Food insecurity is a symptom of economic vulnerability (the opposite of economic resilience). Household food insecurity can significantly diminish both the mobility and development of children and adults. It also affects stability and upward mobility for households.

In this webinar, speakers will highlight the current trend of rising food insecurity during the COVID-19 recession and the prevalence of self-reported food insecurity in the United States, as measured by the Census Bureau's weekly Household Pulse Survey. The speakers will disaggregate the overall trends into demographic groups and highlight geographic variation across states and the 20 largest metropolitan statistical areas. That will allow organizations to identify the households likely to be in most need of support in their communities.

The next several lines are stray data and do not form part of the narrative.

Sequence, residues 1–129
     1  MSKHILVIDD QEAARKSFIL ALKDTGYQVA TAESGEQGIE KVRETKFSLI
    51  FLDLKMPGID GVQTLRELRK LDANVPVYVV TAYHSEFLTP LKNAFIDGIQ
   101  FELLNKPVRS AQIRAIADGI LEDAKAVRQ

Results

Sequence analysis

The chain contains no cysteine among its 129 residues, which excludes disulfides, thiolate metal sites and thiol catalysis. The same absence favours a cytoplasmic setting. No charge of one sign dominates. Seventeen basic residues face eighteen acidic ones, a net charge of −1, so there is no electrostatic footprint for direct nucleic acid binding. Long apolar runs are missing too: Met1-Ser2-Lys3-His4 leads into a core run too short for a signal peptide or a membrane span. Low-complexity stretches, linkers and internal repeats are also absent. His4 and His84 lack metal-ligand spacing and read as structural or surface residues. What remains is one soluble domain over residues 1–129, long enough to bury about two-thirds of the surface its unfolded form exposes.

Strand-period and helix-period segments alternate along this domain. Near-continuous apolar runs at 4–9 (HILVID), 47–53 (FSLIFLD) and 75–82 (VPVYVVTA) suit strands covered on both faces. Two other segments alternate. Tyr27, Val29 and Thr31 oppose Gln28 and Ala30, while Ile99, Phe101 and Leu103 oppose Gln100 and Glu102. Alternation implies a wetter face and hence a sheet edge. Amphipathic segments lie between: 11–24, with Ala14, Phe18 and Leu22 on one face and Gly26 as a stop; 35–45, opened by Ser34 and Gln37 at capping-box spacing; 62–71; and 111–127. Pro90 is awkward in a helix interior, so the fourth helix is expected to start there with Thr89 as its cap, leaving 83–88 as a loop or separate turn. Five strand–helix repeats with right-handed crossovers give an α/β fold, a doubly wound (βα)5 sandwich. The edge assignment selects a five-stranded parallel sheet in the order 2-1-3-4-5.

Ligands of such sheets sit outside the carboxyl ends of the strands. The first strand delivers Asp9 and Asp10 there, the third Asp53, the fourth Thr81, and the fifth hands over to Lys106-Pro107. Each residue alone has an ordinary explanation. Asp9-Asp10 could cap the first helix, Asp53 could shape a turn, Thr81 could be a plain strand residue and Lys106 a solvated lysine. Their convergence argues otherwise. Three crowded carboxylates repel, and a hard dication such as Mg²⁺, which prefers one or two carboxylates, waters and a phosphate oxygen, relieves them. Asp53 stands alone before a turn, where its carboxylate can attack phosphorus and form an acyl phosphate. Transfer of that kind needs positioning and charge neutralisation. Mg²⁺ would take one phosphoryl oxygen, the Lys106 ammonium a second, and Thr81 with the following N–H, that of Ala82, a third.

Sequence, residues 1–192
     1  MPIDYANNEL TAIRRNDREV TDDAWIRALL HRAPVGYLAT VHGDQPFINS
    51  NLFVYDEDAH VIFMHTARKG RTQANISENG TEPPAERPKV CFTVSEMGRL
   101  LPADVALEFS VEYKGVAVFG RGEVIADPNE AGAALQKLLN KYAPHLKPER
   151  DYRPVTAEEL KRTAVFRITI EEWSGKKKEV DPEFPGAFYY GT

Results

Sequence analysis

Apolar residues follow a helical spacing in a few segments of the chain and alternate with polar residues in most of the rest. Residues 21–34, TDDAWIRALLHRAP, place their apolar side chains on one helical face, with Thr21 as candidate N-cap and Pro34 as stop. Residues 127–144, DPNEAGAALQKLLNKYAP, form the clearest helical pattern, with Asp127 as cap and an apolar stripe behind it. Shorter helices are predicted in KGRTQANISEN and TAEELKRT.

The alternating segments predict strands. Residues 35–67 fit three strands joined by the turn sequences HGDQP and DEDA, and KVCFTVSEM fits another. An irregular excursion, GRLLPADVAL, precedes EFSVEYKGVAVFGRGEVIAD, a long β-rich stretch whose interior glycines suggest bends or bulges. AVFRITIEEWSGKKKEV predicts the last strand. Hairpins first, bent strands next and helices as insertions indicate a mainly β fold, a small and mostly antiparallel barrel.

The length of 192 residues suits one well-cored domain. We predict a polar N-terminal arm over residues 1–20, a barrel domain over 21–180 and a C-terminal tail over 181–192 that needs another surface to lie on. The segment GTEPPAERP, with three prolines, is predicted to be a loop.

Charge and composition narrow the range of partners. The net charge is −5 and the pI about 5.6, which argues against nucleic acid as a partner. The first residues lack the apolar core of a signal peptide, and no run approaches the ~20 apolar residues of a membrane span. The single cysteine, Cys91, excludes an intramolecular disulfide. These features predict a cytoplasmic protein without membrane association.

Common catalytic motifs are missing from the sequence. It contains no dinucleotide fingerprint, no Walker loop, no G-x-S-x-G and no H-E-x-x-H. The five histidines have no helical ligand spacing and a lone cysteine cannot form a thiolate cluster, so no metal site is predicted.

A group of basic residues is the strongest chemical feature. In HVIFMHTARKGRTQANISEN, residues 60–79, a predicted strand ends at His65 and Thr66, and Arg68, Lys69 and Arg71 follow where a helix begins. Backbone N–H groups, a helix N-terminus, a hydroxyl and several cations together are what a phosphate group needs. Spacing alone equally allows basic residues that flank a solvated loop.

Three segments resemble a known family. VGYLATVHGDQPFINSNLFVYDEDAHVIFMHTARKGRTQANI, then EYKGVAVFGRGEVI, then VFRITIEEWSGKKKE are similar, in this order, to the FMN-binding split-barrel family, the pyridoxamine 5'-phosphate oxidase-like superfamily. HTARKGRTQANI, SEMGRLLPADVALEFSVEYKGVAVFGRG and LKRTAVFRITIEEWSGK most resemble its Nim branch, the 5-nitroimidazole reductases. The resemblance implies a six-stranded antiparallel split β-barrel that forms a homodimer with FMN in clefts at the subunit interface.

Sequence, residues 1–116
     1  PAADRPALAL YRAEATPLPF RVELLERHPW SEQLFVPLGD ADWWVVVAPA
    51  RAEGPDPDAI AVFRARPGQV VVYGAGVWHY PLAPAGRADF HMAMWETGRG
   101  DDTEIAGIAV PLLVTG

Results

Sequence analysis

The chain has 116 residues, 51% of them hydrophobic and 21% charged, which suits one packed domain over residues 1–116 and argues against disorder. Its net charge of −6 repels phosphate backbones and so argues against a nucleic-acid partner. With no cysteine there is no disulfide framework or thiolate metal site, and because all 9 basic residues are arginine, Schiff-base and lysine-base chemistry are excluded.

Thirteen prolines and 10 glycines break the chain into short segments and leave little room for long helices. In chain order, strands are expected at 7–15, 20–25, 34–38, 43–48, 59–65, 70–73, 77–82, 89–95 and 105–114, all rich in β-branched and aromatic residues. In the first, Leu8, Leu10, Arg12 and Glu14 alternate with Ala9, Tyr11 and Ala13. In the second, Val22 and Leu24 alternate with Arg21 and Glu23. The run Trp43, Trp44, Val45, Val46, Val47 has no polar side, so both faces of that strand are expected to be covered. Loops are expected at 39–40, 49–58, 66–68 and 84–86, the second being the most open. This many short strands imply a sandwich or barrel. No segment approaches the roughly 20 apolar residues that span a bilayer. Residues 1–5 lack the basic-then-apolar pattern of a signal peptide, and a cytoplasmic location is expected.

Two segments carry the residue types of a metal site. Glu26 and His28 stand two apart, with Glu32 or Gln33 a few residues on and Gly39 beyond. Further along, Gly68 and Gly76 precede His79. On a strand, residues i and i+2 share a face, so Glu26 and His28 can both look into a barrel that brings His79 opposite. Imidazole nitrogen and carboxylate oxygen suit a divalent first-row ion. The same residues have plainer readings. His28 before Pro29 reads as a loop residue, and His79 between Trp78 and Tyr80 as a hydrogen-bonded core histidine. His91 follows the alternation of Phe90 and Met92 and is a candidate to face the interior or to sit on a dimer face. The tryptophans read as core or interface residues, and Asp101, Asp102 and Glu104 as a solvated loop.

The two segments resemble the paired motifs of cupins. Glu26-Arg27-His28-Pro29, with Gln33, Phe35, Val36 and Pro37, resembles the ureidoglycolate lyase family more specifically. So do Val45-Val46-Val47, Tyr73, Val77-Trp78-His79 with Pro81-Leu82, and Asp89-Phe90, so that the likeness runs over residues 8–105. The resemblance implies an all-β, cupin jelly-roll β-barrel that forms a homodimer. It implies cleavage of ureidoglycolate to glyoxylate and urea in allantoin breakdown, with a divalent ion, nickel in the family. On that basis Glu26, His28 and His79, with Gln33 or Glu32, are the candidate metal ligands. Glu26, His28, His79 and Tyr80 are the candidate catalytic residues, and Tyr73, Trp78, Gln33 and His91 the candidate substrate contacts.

The virtual event will also provide insight on the existing policy and programmatic interventions—within various levels of government and nonprofits—that offer examples of what could be implemented in communities to meet nutritional needs.

Speakers include:

  • Lowell Ricketts, Federal Reserve Bank of St. Louis
  • Elaine Waxman, Urban Institute
  • Kristen Wild, Operation Food Search
  • Daniel Paul Davis, Federal Reserve Bank of St. Louis (moderator)

Register for the webinar, which takes place Thursday, August 20, at 3 p.m. (ET). Participation is free, but preregistration is required.

The Connecting Communities® webinar series is a Federal Reserve System initiative intended to provide a national audience with timely information on emerging and important community and economic development topics. The series complements existing Federal Reserve community development outreach initiatives that are conducted through Reserve Bank regional offices and at the Federal Reserve Board of Governors in Washington, DC. All webinar sessions are recorded and archived on the Connecting Communities® website. For more information about this series, email For more information on the Federal Reserve’s community development work, visit